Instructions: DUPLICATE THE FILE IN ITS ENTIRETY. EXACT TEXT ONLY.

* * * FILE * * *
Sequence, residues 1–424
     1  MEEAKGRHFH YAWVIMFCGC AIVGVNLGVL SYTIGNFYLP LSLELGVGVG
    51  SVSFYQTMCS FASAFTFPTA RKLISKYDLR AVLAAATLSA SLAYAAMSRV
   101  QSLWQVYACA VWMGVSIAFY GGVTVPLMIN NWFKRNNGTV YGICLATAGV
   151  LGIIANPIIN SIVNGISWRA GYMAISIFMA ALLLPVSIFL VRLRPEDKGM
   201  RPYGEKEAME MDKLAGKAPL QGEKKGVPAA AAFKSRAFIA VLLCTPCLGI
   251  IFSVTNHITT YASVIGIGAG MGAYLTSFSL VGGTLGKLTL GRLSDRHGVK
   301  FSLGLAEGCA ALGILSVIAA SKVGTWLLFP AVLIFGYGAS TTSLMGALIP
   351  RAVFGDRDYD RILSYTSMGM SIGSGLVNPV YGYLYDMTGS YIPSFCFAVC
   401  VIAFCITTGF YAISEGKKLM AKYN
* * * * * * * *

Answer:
Sequence, residues 1–424
     1  MEEAKGRHFH YAWVIMFCGC AIVGVNLGVL SYTIGNFYLP LSLELGVGVG
    51  SVSFYQTMCS FASAFTFPTA RKLISKYDLR AVLAAATLSA SLAYAAMSRV
   101  QSLWQVYACA VWMGVSIAFY GGVTVPLMIN NWFKRNNGTV YGICLATAGV
   151  LGIIANPIIN SIVNGISWRA GYMAISIFMA ALLLPVSIFL VRLRPEDKGM
   201  RPYGEKEAME MDKLAGKAPL QGEKKGVPAA AAFKSRAFIA VLLCTPCLGI
   251  IFSVTNHITT YASVIGIGAG MGAYLTSFSL VGGTLGKLTL GRLSDRHGVK
   301  FSLGLAEGCA ALGILSVIAA SKVGTWLLFP AVLIFGYGAS TTSLMGALIP
   351  RAVFGDRDYD RILSYTSMGM SIGSGLVNPV YGYLYDMTGS YIPSFCFAVC
   401  VIAFCITTGF YAISEGKKLM AKYN